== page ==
I'm not sure what the solution is, but it's going to take a long time to get back to where we were even twelve months ago at 8.1% UE. We are now in the top 5% of unemployment in the entire United States.

That's really grim. Let's hope our Councilors don't decide to spend too much more of our precious tax dollars as things get worse. No more unanticipated $400,000 expenses to be paid out before June 30th, please.

Thursday, March 19, 2009

Councilor Clinton's Response

In full:

The contract we voted on was for $387k to redo all the standards & specs for the public works dept. I voiced my misgivings: (1) this work should be done in-house (2) it should be paid for out of the SDC fund rather than by ratepayers and (3) cost is too high. I received semi-reasonable answers from the staff so decided that on balance, the importance of the work overrode my misgivings.

I have seen numerous cases where the City has ended up paying through the nose for patching up projects that were not done right the first time. ADA compliant curb cuts and ramp work is a good example. Part of the reason was often that the standards and specs were ambiguous. In the long run, I think that getting all this on a more professional basis will save the City way more than it costs.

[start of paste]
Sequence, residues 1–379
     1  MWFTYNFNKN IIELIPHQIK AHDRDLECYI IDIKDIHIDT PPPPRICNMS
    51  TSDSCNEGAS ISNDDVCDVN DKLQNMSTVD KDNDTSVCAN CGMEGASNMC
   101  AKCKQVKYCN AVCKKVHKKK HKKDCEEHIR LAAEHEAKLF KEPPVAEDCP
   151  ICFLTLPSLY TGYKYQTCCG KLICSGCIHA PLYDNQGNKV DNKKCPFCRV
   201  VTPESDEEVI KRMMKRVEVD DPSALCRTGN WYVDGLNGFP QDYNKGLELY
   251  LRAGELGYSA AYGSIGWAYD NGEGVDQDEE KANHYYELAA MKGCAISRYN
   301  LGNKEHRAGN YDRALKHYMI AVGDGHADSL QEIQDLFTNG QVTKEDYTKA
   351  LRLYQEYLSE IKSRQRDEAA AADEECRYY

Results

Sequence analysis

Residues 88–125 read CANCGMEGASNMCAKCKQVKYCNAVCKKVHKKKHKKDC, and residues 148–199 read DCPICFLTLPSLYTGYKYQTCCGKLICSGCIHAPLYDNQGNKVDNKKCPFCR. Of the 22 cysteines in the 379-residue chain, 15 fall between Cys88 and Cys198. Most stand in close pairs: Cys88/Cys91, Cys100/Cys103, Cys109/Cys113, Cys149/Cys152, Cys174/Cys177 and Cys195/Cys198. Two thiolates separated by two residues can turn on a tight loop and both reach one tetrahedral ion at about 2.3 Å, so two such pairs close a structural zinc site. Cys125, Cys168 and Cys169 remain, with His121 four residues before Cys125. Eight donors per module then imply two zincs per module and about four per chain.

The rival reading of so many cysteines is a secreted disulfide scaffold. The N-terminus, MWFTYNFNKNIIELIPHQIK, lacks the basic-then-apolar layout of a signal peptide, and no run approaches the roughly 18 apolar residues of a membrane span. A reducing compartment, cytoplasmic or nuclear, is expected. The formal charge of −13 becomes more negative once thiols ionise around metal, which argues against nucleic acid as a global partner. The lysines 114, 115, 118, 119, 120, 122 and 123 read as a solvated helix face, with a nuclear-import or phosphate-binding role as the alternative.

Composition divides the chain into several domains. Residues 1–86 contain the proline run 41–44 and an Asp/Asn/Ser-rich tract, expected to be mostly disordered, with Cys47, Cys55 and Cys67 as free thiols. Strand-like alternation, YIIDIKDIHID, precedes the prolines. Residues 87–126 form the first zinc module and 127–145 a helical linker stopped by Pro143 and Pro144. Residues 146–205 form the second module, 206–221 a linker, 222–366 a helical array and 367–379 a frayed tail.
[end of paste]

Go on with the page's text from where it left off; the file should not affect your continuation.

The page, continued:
Facing huge cutbacks, Council approves $687K building standards update

This just flat out astounds me. An expenditure, at this time in this economic climate, that will total almost $700,000, and it's not even reported in the Bulletin. The only Councilors voting against it were Capell and Eager. I asked Clinton about his vote and will update when I receive an answer.

From the summary of yesterday's City Council meeting:
After discussion about the cost and timeliness of this action Council authorized (by vote of 5 to 2 with Councilors Capell and Eager opposed, but noting that they may support the agreement with additional information) a professional services agreement with CH2M Hill for Phase 2 of the new Construction Standards and Specifications in the amount of $387,041. These documents are the foundation for all designing, contracting and construction of public infrastructure. Legal and contracting requirements that protect the City have changed dramatically over the past 10 years. In addition, construction methods and practices continue to improve. New standards and specifications are needed to better meet the needs of the community, properly protect the City, and provide clear and consistent requirements of the development community. The cost of this will be split equally between operational budgets in the Water, Water Reclamation, Stormwater and Street Operations Divisions

Of course, there is no mention of the concomitant additional $300,000 next year.

I was up until 4:30 in the morning a few nights ago, talking with Trudy about "should we stay or should we go?". Luckily the patent licensing fees I have been receiving make moving a possibility.

And after this, it's done. Time to move on...

PS from the Bulletin reporter, Erin Golden: "I didn't write about it because unfortunately, there's only so much that can go in one meeting story. The focus of the evening was the budget discussion..."